Discussions took place around the next generation of payments and how to manage risk in an increasingly digitised world
More than 400 delegates from 30 countries joined us at this year’s SWIFT Regional Conference: Turkey & Middle East in Istanbul, Turkey.
Onur Ozan, Head of Middle East, North Africa & Turkey, opened the conference and highlighted how the payments industry, a relatively unchanging business in the past, is now evolving rapidly.
Customer expectations and behaviour are changing rapidly, said Ozan. Consumers and retailers alike now expect money to follow goods at the same speed, if not faster.
Looking to the future, Ozan stressed that value will need to shift further, faster, from account to account instantly. “Value transfers must be friction free,” he said. “They must also be safe, secure and compliant. While banks sit at the centre of this, the core architecture is key. It must be open and trusted, innovative and resilient; its reach must be global and its operations robust. It must enable smart, embedded, instant payments, 24/7 from every account to every account, everywhere.”
Dr. Emrah Şener, Deputy Governor at the Central Bank of the Republic of Turkey, delivered the keynote and illustrated how money has changed shape over time, from bartering to coins, paper money to digital currencies – but even in a digital world trust will be paramount.
“The way we interact with each other dictates the form of money we use,” he said. “People are now coming together on digital platforms. The digital world requires a new form of money. Central bankers need to admit this. Those developing digital currencies have a head start, because soon digitalisation will be the norm.”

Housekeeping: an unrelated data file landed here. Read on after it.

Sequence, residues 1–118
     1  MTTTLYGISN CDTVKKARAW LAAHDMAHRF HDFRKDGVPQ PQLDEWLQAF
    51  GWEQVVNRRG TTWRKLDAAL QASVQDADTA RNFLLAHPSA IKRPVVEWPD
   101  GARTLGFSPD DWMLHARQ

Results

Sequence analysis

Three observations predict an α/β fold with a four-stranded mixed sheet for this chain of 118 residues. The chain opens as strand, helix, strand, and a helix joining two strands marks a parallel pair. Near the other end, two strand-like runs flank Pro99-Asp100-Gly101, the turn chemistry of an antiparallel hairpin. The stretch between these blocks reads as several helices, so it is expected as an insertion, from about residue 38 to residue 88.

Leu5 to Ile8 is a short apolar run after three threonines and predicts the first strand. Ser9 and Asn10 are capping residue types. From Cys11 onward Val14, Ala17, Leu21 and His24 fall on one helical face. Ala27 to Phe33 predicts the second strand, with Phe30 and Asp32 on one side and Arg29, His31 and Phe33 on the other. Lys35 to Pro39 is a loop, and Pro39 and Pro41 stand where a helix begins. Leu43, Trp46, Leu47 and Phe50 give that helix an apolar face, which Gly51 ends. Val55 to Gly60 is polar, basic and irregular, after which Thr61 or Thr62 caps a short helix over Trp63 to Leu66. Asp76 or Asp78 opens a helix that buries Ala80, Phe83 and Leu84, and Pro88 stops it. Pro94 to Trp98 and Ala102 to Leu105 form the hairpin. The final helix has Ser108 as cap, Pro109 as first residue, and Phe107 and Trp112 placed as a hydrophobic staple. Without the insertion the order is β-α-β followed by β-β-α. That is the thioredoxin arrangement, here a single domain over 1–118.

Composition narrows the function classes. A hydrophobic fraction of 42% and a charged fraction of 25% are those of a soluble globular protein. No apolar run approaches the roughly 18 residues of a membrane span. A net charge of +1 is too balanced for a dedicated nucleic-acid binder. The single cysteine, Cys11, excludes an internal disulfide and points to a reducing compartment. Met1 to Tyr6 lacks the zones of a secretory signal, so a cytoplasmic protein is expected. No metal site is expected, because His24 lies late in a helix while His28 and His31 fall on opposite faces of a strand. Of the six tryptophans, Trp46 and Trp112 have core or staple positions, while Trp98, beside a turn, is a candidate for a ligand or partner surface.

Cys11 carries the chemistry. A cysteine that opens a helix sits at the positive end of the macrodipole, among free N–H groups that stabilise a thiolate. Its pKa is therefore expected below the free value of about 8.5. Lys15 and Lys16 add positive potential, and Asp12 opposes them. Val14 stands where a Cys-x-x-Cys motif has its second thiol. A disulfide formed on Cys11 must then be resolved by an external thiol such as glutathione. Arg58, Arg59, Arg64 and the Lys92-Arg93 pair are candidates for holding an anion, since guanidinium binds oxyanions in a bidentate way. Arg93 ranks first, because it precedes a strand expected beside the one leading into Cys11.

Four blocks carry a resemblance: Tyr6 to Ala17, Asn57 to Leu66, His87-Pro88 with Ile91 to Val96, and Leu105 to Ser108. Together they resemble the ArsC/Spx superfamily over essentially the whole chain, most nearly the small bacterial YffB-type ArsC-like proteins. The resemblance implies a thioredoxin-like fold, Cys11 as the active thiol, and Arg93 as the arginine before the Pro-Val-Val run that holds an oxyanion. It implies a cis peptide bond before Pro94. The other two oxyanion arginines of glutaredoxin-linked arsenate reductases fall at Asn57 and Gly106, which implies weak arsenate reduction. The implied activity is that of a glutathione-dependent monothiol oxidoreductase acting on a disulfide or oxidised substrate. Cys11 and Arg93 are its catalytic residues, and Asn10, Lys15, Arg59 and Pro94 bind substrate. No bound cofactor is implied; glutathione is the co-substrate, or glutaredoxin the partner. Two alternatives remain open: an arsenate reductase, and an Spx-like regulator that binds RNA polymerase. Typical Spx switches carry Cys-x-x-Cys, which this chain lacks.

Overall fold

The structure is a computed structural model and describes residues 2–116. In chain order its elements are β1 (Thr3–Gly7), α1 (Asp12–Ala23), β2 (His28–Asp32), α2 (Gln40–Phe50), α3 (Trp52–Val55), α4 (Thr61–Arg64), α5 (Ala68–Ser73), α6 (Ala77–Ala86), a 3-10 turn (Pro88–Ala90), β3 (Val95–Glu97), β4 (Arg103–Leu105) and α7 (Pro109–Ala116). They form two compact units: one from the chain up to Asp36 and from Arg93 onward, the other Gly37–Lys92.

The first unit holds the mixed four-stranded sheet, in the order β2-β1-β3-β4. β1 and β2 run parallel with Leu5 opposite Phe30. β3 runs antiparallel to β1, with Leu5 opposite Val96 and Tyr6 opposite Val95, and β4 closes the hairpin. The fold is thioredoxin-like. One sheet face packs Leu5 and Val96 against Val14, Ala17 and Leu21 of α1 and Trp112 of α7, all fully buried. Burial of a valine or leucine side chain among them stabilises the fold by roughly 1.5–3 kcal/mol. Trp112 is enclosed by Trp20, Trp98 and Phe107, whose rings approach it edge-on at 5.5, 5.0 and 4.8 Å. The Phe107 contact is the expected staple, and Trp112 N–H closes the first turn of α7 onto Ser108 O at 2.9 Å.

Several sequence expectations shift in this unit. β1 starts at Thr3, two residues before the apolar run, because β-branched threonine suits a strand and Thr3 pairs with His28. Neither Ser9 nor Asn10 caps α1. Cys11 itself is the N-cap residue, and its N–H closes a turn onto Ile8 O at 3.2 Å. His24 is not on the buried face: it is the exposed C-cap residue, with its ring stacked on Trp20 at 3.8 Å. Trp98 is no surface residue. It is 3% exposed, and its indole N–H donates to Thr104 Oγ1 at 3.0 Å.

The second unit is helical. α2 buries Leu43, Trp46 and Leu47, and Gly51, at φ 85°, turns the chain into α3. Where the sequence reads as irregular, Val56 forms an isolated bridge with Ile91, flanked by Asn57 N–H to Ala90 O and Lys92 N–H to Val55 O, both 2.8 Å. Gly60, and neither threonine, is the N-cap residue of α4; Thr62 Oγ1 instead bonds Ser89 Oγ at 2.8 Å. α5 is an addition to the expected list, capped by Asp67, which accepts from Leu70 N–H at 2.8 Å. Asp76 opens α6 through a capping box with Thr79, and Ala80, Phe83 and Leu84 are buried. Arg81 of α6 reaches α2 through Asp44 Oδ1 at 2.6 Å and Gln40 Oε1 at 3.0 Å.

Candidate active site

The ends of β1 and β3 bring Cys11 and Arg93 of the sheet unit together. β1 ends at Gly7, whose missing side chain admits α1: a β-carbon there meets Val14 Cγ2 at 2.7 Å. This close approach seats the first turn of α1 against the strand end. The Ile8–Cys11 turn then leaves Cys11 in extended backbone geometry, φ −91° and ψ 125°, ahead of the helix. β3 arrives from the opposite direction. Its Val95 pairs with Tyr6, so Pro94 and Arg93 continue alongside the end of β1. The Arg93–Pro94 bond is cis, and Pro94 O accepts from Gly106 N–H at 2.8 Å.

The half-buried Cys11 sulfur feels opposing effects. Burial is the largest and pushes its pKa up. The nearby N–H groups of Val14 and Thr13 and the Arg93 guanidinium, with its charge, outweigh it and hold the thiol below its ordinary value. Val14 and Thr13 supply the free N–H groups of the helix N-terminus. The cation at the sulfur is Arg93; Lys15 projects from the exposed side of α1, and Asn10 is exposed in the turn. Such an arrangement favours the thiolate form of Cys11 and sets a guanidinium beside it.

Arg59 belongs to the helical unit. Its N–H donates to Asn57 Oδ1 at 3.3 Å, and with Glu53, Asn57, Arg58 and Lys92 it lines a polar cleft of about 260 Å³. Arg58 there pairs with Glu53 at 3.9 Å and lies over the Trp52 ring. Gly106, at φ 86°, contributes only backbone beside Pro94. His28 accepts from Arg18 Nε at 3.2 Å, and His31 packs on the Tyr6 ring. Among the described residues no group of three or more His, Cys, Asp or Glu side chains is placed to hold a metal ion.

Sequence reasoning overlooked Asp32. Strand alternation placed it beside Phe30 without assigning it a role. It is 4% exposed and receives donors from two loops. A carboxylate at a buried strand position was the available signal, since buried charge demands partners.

The payments industry is getting ready for the future, said Alain Raes, Chief Business Development Officer at SWIFT.
“Financial institutions have to focus on the customer experience,” he said. “It is no longer about the products and services that the banking industry provides, it is the way that these products and services are delivered that make the difference.”
Raes argued that delivering instant payments, 24-7, is key to remaining relevant in this changing landscape. Around the world, many domestic market infrastructures have begun delivering instant payments, but Raes’ key question is whether this experience can take place at an international level, since international payments need to move through a certain number of frictions, including currency exchange and regulatory compliance checks at each step of the payments process.
Discussions over the two days focused on the next generation of payments and specifically how new and disruptive financial technologies are re-shaping the market and putting pressure on traditional models. Additionally, delegates discussed how financial institutions can manage risk in an increasingly digitised world. With cyberattacks becoming more sophisticated, better organised and better funded, cyber was high on the agenda. Sessions looked at what banks can do to protect themselves from the cyber threat, and the role of lawmakers and regulators in supporting them.
You can read the full report from the event here.